Harvard student https://www.danpallotta.com/can view Arthur Brooks’s detailed Course Preview Video. In addition to his interest in non-profit management, Brooks writes, speaks, and podcasts on a wide range of topics. Find out more at his personal homepage arthurbrooks.com.
MLD-802M will be taught at HKS in the Fall 2020 semester. A complementary course in non-profit financial management MLD-427 Managing Financial Resources in Non Profit Organizations with James Honanis offered in the spring 2021 semester. Both courses may be taken for credit.
HKS also offers several other courses in the non-profit and social innovation areas:
MLD-830 Entrepreneurship and Innovation in the Private and Social Sectors with Richard Cavanagh MLD-831 Entrepreneurship and Innovation in the Private and Social Sectors – Business Plan Workshop with Richard Cavanagh MLD-836M Social Entrepreneurship/Social Enterprises 101: How to Go from Start-Up to End Up with James Bildner MLD-840 Entrepreneurial Finance with Carl Byers [ Not offered AY2021-22]
If you have any questions about this course, or any other in the MLD curriculum, email Greg Dorchak, MLD Area Administrator.
Among the signature curriculum of the Harvard Kennedy School, negotiation training has always stood out as among the most popular due to its practicality and necessity across all sectors and policy domains. Founded by one of the luminaries of negotiation science, Howard Raiffa, HKS has faculty have always been at the forefront of negotiation research and training. With the two introductory negotiation courses outside the MPP core,MLD-223 Negotiating Across Differenceswith Senior Lecturer in Public Policy Kessely Hong, and MLD-224 Behavioral Science of Negotiationswith Associate Professor Julia Minson, students can learn the fundamental, time-tested frameworks of negotiation analysis. Both courses introduce the core concepts of distributive bargaining, value creation, stakeholder analysis, trust-building, barriers to agreement, and strategic approaches to negotiation.
Both courses also feature numerous negotiation simulations, in which students have the opportunity to learn how to prepare effectively, to practice communication and persuasion, and to experiment with a variety of negotiation tactics and strategies. Analysis of their own approach to, and individual outcomes in, such simulations allows students to experience first-hand the powerful strategic and psychological dynamics present in negotiation situations. Both Minson and Hong, along with their skilled course coaches, facilitate students’ reflective learning from each of the simulations. Ultimately, this reflective practice through frameworks taught in the courses enables students to develop their own capacity to improve as effective negotiators.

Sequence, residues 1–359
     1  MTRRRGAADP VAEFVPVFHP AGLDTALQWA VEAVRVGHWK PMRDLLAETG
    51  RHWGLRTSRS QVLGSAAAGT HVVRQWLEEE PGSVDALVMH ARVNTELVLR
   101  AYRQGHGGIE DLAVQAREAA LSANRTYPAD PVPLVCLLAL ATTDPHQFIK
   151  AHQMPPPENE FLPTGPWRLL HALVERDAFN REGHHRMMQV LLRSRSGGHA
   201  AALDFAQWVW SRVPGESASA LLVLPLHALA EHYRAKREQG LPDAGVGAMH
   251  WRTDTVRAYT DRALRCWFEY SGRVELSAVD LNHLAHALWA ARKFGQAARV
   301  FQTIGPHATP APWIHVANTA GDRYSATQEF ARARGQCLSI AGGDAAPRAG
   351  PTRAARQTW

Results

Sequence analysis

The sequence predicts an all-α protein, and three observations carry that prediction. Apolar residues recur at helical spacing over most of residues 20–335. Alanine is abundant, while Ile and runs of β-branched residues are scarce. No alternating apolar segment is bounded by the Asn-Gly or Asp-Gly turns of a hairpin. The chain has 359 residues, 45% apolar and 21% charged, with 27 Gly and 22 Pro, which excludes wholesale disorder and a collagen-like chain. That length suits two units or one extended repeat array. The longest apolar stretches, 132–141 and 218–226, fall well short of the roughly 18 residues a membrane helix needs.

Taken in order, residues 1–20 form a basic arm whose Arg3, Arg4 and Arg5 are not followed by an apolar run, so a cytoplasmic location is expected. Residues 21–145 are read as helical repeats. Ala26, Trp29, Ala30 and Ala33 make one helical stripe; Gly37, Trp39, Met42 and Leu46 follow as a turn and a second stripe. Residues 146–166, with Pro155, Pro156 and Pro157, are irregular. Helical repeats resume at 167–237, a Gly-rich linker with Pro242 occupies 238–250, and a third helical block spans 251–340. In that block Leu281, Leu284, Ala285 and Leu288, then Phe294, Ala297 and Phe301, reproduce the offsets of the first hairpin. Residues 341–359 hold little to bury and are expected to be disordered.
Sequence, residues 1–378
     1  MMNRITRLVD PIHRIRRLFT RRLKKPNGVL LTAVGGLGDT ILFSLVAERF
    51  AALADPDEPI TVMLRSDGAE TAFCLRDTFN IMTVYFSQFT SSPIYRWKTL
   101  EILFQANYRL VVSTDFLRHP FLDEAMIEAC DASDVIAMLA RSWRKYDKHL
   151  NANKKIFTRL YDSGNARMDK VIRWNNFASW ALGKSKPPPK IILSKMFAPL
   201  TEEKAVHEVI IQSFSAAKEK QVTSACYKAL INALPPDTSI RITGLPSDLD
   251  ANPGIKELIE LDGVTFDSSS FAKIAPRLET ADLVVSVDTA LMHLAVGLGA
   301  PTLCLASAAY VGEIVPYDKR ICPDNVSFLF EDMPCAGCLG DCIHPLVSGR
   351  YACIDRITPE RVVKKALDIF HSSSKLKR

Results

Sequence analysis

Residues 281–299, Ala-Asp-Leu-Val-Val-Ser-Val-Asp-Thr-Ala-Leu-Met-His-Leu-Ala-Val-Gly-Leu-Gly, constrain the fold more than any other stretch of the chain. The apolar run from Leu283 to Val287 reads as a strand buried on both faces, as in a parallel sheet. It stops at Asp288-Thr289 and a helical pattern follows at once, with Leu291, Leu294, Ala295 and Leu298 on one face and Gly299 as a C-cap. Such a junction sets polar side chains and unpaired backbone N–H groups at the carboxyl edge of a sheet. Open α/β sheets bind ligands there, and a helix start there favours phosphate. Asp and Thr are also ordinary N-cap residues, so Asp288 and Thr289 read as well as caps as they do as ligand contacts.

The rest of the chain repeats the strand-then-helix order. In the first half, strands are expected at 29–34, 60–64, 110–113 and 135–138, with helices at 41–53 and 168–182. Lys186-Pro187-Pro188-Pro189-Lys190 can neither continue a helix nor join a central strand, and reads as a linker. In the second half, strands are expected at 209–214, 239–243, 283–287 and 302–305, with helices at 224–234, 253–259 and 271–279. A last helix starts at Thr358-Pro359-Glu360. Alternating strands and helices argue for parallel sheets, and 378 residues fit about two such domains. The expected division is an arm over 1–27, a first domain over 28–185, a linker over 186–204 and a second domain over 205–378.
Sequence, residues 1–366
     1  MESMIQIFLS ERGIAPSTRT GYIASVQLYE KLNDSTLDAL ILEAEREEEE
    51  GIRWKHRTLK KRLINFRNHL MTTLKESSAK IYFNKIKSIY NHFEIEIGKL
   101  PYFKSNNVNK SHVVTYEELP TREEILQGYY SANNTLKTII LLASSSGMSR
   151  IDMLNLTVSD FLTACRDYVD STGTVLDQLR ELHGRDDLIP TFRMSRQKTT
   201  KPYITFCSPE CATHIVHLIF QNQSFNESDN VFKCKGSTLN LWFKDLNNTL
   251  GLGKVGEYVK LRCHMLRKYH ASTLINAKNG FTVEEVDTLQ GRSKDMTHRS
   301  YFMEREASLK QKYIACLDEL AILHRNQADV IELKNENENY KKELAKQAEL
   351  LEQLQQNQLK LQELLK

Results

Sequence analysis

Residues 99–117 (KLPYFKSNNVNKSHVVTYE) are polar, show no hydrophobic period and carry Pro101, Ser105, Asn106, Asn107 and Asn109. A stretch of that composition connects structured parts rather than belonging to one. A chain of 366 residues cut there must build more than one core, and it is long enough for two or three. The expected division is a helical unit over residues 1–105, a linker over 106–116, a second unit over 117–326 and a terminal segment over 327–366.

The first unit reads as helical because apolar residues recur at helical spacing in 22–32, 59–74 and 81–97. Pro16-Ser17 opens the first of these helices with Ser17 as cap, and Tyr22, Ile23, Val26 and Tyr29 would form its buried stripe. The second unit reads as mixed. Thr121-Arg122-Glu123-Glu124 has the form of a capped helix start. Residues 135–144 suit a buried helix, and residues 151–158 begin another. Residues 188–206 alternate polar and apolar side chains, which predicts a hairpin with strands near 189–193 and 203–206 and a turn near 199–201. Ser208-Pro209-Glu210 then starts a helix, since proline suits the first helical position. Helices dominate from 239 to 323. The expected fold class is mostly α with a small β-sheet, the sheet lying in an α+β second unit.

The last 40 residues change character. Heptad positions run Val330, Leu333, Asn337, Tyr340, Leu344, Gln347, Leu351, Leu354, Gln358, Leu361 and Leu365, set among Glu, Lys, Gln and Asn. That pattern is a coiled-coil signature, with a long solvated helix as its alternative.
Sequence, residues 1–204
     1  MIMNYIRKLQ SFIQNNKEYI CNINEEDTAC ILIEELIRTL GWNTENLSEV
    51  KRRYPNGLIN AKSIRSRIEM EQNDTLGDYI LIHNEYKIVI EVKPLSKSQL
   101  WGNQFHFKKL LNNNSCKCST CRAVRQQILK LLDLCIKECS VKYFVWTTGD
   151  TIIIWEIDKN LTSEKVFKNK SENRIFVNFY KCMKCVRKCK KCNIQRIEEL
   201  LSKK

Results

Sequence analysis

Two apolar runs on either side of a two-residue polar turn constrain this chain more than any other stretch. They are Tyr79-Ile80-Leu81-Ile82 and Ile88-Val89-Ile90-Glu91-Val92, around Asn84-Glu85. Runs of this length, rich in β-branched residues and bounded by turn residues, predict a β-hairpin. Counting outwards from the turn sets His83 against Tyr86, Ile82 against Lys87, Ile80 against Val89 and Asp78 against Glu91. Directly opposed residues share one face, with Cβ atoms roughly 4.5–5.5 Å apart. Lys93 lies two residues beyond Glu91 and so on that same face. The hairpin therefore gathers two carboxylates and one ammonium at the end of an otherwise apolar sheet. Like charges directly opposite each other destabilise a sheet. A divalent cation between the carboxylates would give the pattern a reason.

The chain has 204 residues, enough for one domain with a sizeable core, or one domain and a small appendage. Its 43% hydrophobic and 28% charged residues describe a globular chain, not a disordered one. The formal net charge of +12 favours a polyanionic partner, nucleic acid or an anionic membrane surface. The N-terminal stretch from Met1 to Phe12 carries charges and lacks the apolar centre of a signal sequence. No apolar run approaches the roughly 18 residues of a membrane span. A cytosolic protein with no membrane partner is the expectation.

While there is much overlap in what each course covers, there are distinctive differences between them as well. MLD-223 (Hong) offers more complex, multiple-stakeholder cases and simulations, some of which include salient cultural or power differences and multi-party dynamics. Students are challenged to navigate differences in expectations, attitudes toward risk, culture, power, status, and partisan perceptions. MLD-224 (Minson) prioritizes the negotiation topics that have the most guidance derived from experimental research. As Minson quips, “I am fundamentally skeptical of expert advice until I see the data,” so she focuses her course more on the psychology and decision-making involved in one-on-one negotiations. In Minson’s course students do almost no written-case discussion, but instead class time is spend talking about how research findings might translate into negotiation strategies. Research-derived topics covered include ethics and deception, the role of gender and personality, operating under time pressure, mixed motives and game theory, judgment biases in negotiations, psychological barriers to conflict resolution, and the impact mediation can have. In Hong’s course, students read and analyze a variety of very rich real-world cases, in which interpretations of the protagonists’ actions provide illuminating insights into similar spectrum of dynamics (personal, psychological, political, cultural, etc.) at play in negotiations over public policy.
MLD-223 andMLD-224 are offered at Harvard Kennedy School in Fall semester. MLD-280Mis offered in January term. If you have any questions about these courses, or any other in the MLD curriculum, email Greg Dorchak, MLD Area Administrator.